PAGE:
"Sports medicine is a word used more within the medical community," said Richards. "We offer more of an activity medicine or skeletory medicine. We want to assist people in changing their lives."
Such changes include assisting people in becoming more active, whether it's a person who can only walk or a budding triathalete. The doctors see them all as important as the next.
"We want to see people get off the couch and get their exercise done," Dr. Richards said. "And that exercise is going to be different for each person."
The Sports Medicine Specialists staff are very focused on assessing each individual's circumstances before offering a regimen.
"We know it's important for each person to be doing what is at their level," Richards said. "So we make sure we put each person through a variety of tests to give them the best direction possible."
This may include stretching instructions, weight loss programs, including addressing dietary concerns while monitoring the patient progress.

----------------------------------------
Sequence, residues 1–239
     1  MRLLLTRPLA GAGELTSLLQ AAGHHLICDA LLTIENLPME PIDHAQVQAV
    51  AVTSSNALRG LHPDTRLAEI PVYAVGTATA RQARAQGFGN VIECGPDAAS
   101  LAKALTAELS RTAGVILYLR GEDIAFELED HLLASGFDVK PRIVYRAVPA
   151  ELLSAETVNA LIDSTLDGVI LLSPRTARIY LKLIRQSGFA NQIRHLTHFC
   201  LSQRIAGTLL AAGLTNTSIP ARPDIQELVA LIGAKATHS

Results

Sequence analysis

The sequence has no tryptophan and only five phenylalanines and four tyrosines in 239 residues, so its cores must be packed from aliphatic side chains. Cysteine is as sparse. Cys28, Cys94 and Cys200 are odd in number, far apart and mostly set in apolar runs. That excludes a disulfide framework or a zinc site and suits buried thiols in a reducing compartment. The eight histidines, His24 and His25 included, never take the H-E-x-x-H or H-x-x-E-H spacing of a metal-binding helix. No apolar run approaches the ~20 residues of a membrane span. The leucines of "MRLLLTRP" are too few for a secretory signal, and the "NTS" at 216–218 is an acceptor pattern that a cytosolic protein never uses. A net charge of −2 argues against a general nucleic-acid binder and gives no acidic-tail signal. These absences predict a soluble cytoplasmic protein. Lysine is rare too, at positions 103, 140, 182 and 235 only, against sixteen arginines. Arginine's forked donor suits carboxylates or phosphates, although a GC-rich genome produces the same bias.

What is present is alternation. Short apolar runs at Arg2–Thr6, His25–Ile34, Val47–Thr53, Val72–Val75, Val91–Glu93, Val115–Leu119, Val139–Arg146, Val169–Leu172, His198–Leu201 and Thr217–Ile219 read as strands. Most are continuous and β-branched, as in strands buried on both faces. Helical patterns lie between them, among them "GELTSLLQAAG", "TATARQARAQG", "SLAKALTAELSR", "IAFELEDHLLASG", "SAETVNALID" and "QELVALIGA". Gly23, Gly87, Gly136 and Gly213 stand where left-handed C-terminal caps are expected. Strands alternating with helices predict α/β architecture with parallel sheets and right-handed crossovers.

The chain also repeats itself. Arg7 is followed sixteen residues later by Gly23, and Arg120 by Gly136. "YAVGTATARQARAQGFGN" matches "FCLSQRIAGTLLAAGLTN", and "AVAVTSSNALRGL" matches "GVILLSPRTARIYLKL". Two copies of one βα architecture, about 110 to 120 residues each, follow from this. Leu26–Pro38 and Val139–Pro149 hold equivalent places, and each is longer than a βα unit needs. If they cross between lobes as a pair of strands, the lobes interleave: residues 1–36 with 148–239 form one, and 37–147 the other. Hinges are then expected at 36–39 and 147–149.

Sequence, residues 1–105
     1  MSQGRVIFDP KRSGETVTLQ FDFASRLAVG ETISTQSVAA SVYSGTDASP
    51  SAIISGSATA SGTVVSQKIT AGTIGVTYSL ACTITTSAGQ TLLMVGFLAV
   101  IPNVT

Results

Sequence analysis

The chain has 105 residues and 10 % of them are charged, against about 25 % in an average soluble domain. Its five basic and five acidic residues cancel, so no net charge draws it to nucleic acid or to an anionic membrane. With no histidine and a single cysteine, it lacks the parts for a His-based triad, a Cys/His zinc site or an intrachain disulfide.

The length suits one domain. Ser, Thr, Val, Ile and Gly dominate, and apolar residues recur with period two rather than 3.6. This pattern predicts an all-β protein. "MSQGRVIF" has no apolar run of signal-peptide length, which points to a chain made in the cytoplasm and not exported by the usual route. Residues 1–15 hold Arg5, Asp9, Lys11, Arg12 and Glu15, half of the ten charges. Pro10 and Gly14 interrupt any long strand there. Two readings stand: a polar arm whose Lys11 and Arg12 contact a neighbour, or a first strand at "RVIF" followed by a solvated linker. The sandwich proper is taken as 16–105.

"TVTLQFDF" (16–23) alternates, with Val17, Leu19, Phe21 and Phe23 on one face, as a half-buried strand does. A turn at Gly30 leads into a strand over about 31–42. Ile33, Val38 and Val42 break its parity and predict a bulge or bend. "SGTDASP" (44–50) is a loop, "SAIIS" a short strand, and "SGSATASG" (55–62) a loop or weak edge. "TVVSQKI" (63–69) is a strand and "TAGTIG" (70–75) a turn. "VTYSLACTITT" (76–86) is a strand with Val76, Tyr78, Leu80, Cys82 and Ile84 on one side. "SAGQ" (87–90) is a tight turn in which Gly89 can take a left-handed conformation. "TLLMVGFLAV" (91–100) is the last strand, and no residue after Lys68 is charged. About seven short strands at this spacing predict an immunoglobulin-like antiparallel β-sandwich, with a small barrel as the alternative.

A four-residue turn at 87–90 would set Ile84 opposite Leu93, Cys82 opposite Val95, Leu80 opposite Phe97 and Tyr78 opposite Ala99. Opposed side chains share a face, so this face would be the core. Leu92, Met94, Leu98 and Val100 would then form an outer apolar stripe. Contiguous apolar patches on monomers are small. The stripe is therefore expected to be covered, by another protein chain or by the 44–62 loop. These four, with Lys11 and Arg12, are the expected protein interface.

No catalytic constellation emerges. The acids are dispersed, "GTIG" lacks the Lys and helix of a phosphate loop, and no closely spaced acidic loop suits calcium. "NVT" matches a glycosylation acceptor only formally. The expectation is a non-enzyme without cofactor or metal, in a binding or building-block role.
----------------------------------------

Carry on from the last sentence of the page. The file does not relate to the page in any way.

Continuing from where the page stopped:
"Having an open dialogue is very important to achieving goals," Richards said.
The two doctors also work with athletes who have suffered injuries in course of training or competition. According to a study by the American Medical Society For Sports Medicine, less than 10 percent of sports injuries will require surgery.
"We want to assist athletes when they are injured into returning to the activity or sport they love," Richards said. "That's another area where we place a high priority."